I got in the van and met a nice young couple from India. En route to the site, we stopped in town and picked up a family of 4 who had their suitcases with them. The website says that they have groups of up to 12 on a session, but it was only the 7 of us for my group.
Once we arrived, we went into a room where 7 sets of gear were laid out on the floor- helmets and harnesses. That was when shit got real; Ziplining was no longer a fantasy to get me through a tough workout- it was actually going to happen. I donned my gear and listened carefully to instructions… with some definite trepidation. I debated taking my DSLR with me but I'm glad I ended up leaving it in my locker and just taking my cell phone which easily fit in my pocket. That way, I could focus more on the activity without worrying about my expensive equipment.
The setting was beautiful and lush with a body of water visible it the distance; it surely must be even more spectacular on clear, sunny days. I followed the group to the first of 3 ziplines- I'd read in reviews that they got increasingly long and the first was a way to ease people into it. Being able to start with a shorter option was one reason the tour had appealed to me. But actually looking at the lines dangling ahead of me, it didn't look as easy as it had sounded. The exact thought going through my head was "What the HELL did I get myself into?!?" Sure, I tried to maintain a confident swagger- but inside I was definitely questioning my life choices. I also knew that I had a lot riding on this activity- if my anxieties were greater than I'd anticipated, it might cause a domino effect of potential disappointments in the other challenges that lied ahead.
After taking a couple group photos, we took turns riding the zip lines. There were 2 parallel lines so we always went in pairs, after the first of the 2 instructors got to the other side and prepared to receive us. The 2 children from the family always wanted to go first, and the rest of us had absolutely no problems with that but the parents wanted to teach them that they needed to take turns so it varied. On the other hand, I always went last so I could be paired with the second of the two instructors since I was solo.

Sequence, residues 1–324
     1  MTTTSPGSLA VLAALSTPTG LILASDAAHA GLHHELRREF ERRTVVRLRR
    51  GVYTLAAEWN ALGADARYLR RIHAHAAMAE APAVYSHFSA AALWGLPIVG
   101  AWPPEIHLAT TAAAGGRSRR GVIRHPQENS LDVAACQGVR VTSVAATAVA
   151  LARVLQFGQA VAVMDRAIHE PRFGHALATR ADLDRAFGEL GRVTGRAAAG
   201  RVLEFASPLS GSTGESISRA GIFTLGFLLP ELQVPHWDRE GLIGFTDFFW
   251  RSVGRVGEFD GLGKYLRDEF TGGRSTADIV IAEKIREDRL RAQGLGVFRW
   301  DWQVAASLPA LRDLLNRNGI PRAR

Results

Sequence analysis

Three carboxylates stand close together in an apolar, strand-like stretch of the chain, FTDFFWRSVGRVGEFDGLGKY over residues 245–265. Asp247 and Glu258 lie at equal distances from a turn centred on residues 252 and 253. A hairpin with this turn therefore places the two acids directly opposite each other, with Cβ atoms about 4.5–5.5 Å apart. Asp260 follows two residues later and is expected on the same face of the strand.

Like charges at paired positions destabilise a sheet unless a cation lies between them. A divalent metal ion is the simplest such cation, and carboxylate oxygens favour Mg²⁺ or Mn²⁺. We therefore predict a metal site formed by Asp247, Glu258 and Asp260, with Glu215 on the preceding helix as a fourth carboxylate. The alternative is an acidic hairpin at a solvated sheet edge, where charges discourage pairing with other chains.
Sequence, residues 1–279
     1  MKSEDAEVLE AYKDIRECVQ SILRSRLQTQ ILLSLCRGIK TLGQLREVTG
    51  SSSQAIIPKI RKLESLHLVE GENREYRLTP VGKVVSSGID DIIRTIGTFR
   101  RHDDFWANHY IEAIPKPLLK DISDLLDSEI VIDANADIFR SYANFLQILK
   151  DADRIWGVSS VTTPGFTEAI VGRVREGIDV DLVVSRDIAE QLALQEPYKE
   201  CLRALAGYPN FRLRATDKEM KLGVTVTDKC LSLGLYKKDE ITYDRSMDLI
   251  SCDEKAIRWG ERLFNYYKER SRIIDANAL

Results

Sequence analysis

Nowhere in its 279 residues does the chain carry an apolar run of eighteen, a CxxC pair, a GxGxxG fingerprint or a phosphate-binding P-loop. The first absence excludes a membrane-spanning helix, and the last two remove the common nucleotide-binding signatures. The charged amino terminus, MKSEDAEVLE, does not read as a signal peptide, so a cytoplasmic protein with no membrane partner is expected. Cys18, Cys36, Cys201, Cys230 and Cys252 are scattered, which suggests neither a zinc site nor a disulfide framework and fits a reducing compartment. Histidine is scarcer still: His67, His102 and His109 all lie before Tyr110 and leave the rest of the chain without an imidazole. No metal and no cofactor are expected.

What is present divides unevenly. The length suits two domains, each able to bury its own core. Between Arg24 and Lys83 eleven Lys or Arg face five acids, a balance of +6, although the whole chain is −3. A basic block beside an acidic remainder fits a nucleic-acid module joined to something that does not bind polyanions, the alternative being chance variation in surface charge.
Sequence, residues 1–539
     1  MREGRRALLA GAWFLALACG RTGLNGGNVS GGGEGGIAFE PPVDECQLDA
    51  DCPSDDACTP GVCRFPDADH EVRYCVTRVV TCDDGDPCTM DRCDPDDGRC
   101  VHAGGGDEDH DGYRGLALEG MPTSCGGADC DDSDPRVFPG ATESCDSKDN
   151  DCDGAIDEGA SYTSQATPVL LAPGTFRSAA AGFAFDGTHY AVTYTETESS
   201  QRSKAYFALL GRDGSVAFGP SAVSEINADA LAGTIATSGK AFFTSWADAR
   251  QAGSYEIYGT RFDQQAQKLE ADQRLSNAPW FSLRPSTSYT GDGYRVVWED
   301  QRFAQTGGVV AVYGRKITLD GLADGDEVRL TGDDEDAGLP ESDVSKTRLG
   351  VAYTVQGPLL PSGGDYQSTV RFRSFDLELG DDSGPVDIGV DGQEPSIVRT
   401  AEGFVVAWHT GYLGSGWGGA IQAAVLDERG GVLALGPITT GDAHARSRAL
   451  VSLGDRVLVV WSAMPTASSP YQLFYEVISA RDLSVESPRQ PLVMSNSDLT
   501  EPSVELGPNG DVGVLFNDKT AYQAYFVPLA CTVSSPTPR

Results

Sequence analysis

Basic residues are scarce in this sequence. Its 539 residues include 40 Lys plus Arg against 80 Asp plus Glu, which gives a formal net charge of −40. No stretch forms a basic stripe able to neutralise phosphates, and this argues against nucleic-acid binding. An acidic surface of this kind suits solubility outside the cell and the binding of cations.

One group went across, then another... and another... and suddenly it was my turn. It seemed absolutely unreal that I was going to do this thing. It was insane to look out into the vista with the knowledge that I was going to willingly fling myself onto a line that would launch me through the air to a platform that seemed endlessly far away. Part of me wanted to turn back- and even a few years earlier, I think I might have panicked so much that I wouldn't have been able to do it. But somehow I convinced myself to sit down and learn forward…. and wow, I was dangling from a wire, drifting across a gorgeous vista… with my hair flying back in the wind…. and a big smile on my face. It was amazing! OK, I did feel just a tad motion sick… and I never managed to feel comfortable letting go of my arms (mostly because the one time I tried, I got twisted around and didn't like zooming backwards). But I mostly surrendered to the scenery and had FUN. After enjoying the first ride, the next two were much less nerve wracking.